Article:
Balancing Act

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There’s no such thing as perfect balance – for human beings, anyway. Some Olympians or other world-class performers may be able to achieve perfection for a single routine, a crystalline moment. But we cannot live in an exactly balanced state. It’s always an active rebalancing, one step this way or that. It’s true with ethical decisions, lifestyle choices, and everyday activities.

And sometimes we get so off-kilter we crash, and have to start all over again.

Trees are more like us in this way. They all search for the sunlight and try to grow straight, but a lot depends on their inner substance and immediate surroundings. We live on a hill in the midst of 100-year-old oaks and tall pines. Between and hill and an overarching canopy, young trees do the best they can. We have thinned out some faster-growing pines so they won’t overtake the oaks fifty years from now, but still (just like with people), growing straight and tall is an lifelong art.

And sometimes there are catastrophes, like a giant limb or tree trunk crashing down on its neighbors. (This is true for people, too.) That’s when perfect balance is the hardest. In that situation, balance is not even desired. In order to sort out the chaos and support life in the community, the broken limb needs to come all the way down, instead of dangling evenly in midair. That’s the only way new growth is possible, so that tree and the woods can live again.

Your partner in ministry,

Betsy Schwarzentraub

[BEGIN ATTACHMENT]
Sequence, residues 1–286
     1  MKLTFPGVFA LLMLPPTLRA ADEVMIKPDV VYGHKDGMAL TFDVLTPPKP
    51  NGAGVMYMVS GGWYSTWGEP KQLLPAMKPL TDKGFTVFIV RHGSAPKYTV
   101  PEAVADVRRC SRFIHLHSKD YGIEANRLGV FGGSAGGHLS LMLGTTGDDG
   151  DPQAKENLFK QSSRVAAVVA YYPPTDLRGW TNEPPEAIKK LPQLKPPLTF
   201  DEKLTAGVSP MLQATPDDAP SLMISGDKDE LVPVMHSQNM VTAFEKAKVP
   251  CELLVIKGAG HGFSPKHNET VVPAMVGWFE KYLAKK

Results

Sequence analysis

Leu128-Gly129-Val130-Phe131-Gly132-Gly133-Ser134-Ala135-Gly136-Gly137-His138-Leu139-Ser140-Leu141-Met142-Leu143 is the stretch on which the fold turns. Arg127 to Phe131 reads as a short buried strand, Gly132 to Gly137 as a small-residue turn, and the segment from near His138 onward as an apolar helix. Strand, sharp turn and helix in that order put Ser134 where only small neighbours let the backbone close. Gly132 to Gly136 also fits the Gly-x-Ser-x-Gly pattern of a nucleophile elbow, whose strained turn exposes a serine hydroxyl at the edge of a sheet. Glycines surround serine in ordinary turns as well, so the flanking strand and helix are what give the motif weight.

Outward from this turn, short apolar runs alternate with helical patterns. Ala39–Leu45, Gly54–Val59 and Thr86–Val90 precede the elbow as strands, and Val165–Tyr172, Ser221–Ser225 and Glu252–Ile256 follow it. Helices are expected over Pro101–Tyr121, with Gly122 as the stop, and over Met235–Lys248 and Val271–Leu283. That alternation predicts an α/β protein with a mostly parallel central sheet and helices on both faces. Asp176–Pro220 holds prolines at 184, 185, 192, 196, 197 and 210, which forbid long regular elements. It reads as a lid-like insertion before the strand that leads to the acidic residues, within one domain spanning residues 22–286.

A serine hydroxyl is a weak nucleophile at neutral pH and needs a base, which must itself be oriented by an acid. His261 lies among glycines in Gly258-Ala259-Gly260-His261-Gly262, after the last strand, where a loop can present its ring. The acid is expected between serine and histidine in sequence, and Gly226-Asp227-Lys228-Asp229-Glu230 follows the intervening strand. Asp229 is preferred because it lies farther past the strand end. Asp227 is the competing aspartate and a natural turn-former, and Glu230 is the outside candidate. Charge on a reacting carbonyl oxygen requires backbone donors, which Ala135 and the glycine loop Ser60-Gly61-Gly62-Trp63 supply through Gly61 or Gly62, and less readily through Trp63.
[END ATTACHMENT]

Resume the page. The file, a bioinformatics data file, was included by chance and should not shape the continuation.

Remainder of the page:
Seeker — Finder — Seeker

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Years ago, people used to say the word “seeker” for those who chose not to be affiliated with a church. At first that sounded like a good term to me, since I thought of people who are seeking God, or who are seeking a faith community of some kind in which to belong. But soon the word began to give off a whiff of judgment: were we church people implying they were seeking something that we had found? If they were “seekers,” were we “finders?”door open to world

These past ten years or so, I’ve gotten to know some people who are “spiritual but not religious” (another potentially troublesome phrase). Some are my closest friends, in fact. I’ve discovered that they are seeking but also finding. For some, it’s more a matter of language: “the universe” instead of “God,” for instance. That’s a different twist on theology than my own version, but so is the theology of many people who use the same “God” words as I do.

And then there are some remarkable people I’ve grown close to in the church who are “seekers – finders – seekers.” They have an insatiable hunger for knowing God more closely and following Jesus more authentically. So they seek deepening experiences of the divine, have real encounters with the biblical and cosmic God, and then find themselves seeking even greater authenticity as people of faith. They ask questions and find answers, which lead to more questions of a truer nature.

Long ago, I thought that goodness was the primary characteristic of a Christian, but I gave that up. Now I think it is openness. Openness to seeking, then finding, then seeking once more. God is pretty cosmic, after all, and we’re such limited creatures.

Your partner in ministry,

Betsy Schwarzentraub